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Re: QFH Gain



Domenico,
As the QFH is circular the gain should be dBic. As the QFH pattern is never
a hemisphere, but either a cardioid or a modified Cardioid making the gain
over 3 dBic possible. If you compare it with a dipole on a circuar
transmitted signal you get an extra 3 dB as you lose 3 dB when you use
linear polorization.

Art, KC6UQH

----- Original Message -----
From: "i8cvs" <domenico.i8cvs@tin.it>
To: "Dave Guimont" <dguimon1@san.rr.com>; "KC6UQH" <kc6uqh@cox.net>
Cc: "AMSAT-BB" <amsat-bb@amsat.org>
Sent: Tuesday, March 15, 2005 4:53 AM
Subject: [amsat-bb] QFH Gain


> Hi Dave,WB6LLO and Art, KC6UQH
>
> After writing my article "Experimental Investigation on Quadrifilar Helix
> Antennas for 2400 MHz" in the AMSAT-DL Journal dezember/februar
> 2003/2004 and AMSAT Journal May/June 2004 I got a very interesting
> comment from G3BVU but unfortunately I was not able to answere
> directly to John because every time my email to him bounce back to me.
>
> Since the John explanation on how to evaluate in theory the QFH gain is
> very simple and very interesting I finally have decided to disseminate the
> G3BVU letter through the AMSAT-BB reflector.
>
> Best 73" de
>
> i8CVS Domenico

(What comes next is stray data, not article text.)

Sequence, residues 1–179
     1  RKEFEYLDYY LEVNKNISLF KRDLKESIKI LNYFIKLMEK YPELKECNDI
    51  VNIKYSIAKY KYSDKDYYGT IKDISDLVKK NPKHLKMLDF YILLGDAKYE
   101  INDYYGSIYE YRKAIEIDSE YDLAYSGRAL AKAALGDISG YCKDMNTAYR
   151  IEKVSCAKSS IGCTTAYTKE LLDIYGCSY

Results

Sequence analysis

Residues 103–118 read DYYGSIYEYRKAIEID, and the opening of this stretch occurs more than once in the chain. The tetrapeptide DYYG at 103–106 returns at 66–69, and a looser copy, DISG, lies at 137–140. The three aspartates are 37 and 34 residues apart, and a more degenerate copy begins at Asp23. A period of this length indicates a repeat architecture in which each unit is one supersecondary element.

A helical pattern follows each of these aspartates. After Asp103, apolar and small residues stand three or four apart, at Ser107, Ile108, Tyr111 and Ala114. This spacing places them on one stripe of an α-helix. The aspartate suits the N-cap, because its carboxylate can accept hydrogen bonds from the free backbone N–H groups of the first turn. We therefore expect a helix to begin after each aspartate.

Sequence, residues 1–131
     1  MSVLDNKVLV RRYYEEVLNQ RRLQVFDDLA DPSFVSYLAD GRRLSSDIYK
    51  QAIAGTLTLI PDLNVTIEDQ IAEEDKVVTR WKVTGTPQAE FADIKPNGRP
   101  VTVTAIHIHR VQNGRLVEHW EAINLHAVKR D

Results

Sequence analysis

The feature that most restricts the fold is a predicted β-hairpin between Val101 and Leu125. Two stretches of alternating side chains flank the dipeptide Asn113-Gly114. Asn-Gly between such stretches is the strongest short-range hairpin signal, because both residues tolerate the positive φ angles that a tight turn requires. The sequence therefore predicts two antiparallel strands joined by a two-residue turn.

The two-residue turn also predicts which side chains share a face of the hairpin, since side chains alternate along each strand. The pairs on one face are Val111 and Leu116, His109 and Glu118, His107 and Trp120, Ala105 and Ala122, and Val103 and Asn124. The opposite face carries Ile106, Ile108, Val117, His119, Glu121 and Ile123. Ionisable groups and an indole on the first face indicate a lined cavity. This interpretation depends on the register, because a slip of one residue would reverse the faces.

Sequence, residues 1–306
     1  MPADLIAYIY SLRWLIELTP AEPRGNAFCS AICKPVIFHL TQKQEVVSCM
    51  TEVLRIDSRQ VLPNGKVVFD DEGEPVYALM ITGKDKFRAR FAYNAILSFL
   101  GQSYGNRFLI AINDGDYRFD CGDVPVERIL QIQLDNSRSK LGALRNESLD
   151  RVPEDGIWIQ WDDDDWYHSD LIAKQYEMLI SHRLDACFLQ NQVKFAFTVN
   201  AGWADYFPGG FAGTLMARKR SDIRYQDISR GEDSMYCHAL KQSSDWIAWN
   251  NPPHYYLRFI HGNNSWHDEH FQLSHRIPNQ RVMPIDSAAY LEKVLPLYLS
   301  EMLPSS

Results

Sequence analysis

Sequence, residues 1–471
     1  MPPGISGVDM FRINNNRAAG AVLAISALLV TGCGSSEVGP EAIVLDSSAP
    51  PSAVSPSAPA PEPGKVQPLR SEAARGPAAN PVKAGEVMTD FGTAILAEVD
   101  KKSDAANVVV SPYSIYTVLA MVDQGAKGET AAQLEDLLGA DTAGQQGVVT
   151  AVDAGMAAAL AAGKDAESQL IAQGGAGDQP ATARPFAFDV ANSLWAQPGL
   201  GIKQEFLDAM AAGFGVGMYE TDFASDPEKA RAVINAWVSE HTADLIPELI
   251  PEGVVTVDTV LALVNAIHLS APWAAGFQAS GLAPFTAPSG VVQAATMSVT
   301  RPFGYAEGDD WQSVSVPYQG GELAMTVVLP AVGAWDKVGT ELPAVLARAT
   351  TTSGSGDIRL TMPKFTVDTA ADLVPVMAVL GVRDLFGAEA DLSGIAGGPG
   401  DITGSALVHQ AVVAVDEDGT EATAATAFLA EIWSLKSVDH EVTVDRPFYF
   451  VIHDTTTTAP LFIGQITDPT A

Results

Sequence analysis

>
>
> ----- Original Message -----
> From: John <g3bvu@arrl.net>
> To: <domenico.i8cvs@tin.it>
> Sent: Friday, June 11, 2004 12:54 PM
> Subject: QFH Gain
>
>
> 11 June 2004
> I8CVS de G3BVU     BT
> Dom,
>
> I have just read your QFH article in The AMSAT Journal, May/June 2004.
> I previously read a copy of your report in the AMSAT-DL Journal.
>
> Congratulations. It is a very good report.
>
> I do have one comment.
>
> You state the gain of a QFH is about 5 dBi. I believe this is too high for
> the following reason.
>
> Let us consider the ideal theoretical isotropic radiator. It has unity
> gain, 0 dBi, in all (3D) directions.
> If we remove all of the the energy from one hemisphere and add it
> uniformly to the other hemisphere, we have doubled the energy in the
second
> hemisphere. Hence the gain at all directions in the second hemisphere is
> now increased by a factor of 2 (3 dB) to 3 dBi.
>
> The ideal QFH has the same characteristics as I have just described. It
> has 100% response in one hemisphere and zero response in the other
> hemisphere. The only way to obtain higher gain is the restrict the
> radiation pattern to be less than a hemisphere.
>
> In practice a QFH has some small amplitude radiation in the "suppressed"
> hemisphere; hence this energy is not available to increase the gain of the
> main hemisphere. For uniform illumination of the main hemisphere the gain
> would be a little less than 3 dBi.
>
> However, the radiation intensity in the main hemisphere is not uniform.
> There is reduced gain near to the horizon (90 degrees from boresight). The
> "missing" energy is not lost; it is added to the radiation at angles near
> to boresight. So, depending on the illumination taper, the gain of a QFH
at
> boresight will be greater than 3 dBi.
>
> Your excellent patterns show about 6 dB gain reduction at the horizon,
> which quickly increases to only 2 dB reduction at 30° above the horizon.
>
> I believe about 3.5 dBi is a more honest value for the gain of a good
> quality, uniform distributed radiation, Quadrifilar Helix Antenna.
>
> 73s,  de John  G3BVU/W1   SK
> ----
> Sent via amsat-bb@amsat.org. Opinions expressed are those of the author.
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----
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